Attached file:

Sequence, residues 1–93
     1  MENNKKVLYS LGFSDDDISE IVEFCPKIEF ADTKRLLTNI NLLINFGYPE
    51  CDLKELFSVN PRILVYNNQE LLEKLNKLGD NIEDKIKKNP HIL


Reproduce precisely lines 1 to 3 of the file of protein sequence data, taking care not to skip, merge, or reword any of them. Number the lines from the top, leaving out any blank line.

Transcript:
Sequence, residues 1–93
     1  MENNKKVLYS LGFSDDDISE IVEFCPKIEF ADTKRLLTNI NLLINFGYPE
    51  CDLKELFSVN PRILVYNNQE LLEKLNKLGD NIEDKIKKNP HIL